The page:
Is it local? Purchasing from local farmers is a great way to get fresh, healthy food that hasn’t been chemically modified to keep its appearance after traveling half way around the world. Find farms and farmer's markets in your area at localharvest.org. What if the farm you like isn’t certified organic? Earning organic certification is a lengthy and costly process that not all farmers can afford. Instead you can ask your local farmer if they use organic practices or, if they’re not organic, if they use non-synthetic pesticides and/or practice minimal spraying. If they answer yes to any of these questions, then you're likely buying from a conscientious farmer who’s producing good quality, minimally-processed food.

Is it in season? Even if you don’t get to the farmers’ market, you can still make an effort to purchase local produce at the grocery store. To buy local means to buy in season. Yes you can buy pretty much any type of fruit or vegetable any time of year, but what sacrifices in quality and impact to the environment do you have to make? By purchasing local foods when they are in season, you avoid the environmental damage caused by shipping foods thousands of miles and you’ll get fresher tasting fruits and vegetables. You can better plan your meals around what’s in season with the seasonal produce guide available at sustainabletable.org.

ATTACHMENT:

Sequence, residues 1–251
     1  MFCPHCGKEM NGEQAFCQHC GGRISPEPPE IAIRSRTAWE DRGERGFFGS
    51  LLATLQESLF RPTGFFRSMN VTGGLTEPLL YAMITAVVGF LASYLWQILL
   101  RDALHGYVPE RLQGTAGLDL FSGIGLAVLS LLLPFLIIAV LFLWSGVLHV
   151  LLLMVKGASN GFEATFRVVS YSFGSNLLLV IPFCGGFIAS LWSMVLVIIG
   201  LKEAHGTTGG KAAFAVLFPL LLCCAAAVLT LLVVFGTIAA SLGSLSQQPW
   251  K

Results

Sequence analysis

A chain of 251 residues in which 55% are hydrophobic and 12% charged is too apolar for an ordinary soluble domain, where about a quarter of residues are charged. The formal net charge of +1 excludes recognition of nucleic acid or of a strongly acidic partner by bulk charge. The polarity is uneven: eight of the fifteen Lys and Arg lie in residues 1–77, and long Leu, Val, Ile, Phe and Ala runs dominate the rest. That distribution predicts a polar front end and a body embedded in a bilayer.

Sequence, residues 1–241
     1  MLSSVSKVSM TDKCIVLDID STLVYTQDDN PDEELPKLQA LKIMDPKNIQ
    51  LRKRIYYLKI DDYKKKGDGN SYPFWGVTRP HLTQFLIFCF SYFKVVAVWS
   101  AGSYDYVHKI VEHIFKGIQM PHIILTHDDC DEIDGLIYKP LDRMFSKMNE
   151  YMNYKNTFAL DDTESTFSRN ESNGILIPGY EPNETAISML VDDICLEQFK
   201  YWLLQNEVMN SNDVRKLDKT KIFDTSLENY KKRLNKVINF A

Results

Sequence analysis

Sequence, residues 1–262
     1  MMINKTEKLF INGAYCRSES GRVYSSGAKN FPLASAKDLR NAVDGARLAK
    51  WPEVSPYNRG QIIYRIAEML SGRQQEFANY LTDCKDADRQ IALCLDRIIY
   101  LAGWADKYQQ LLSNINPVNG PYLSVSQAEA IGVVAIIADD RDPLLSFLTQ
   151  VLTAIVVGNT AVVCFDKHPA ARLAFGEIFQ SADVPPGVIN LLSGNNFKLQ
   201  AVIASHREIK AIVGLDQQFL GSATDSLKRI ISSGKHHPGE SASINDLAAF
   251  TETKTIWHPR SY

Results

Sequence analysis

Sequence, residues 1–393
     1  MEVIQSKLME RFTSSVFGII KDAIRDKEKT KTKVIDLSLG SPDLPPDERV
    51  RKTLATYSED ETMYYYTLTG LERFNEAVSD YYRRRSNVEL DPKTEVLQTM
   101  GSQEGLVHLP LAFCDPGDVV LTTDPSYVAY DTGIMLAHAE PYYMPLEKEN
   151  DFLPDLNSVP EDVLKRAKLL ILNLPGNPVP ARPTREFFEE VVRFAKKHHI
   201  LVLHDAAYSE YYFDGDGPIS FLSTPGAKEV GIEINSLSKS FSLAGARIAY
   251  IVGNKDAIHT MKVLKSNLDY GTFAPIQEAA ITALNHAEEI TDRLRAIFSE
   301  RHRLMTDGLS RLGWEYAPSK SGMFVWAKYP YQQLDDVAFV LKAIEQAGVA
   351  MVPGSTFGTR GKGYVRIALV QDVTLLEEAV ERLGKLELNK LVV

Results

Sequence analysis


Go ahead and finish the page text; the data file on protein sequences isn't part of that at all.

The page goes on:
How else can you green up your diet? You can cut down on your waistline and your food budget, while doing the environment a good turn, by swapping one or two meat-based meals a week with a vegetarian or seafood dish. One of your best options for fish is Wild Alaskan Salmon. Because it is wild-caught, it's purer in flavor than farm-raised salmon (which is fed pigment and antibiotics) and higher in omega-3 fatty acids. Another great option is canned sardines. Unlike tuna, sardines aren't in danger of being over-fished and are low in mercury.

Finally, one cost-efficient way to eat green is to simply cook at home and pack a lunch (in reusable containers) as often as you can. By preparing your own food you'll be better able to avoid preservatives, cut down on packaging (think of all those ketchup packets and napkins in take-out bags), and save money. Now that is eating green.